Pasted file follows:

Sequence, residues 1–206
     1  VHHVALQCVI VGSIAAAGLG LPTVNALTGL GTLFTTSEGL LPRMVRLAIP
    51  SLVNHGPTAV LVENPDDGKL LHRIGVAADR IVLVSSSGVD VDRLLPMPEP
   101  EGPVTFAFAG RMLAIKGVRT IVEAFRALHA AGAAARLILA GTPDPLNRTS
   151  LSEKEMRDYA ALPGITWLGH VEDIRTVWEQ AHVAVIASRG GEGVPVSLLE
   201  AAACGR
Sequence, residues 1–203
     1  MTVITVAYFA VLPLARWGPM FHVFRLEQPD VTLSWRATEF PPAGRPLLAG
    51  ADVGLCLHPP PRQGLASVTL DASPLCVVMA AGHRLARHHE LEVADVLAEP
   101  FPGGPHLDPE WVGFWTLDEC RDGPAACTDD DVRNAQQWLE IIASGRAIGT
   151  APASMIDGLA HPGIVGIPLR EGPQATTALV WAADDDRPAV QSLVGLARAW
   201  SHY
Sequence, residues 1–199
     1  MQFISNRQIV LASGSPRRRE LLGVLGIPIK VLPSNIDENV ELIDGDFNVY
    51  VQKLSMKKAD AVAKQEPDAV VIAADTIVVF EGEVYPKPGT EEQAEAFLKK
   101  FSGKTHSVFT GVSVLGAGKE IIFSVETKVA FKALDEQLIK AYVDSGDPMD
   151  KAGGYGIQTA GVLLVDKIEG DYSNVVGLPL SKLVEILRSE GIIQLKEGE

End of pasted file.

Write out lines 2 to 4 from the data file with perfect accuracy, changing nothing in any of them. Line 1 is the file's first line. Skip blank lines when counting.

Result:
     1  VHHVALQCVI VGSIAAAGLG LPTVNALTGL GTLFTTSEGL LPRMVRLAIP
    51  SLVNHGPTAV LVENPDDGKL LHRIGVAADR IVLVSSSGVD VDRLLPMPEP
   101  EGPVTFAFAG RMLAIKGVRT IVEAFRALHA AGAAARLILA GTPDPLNRTS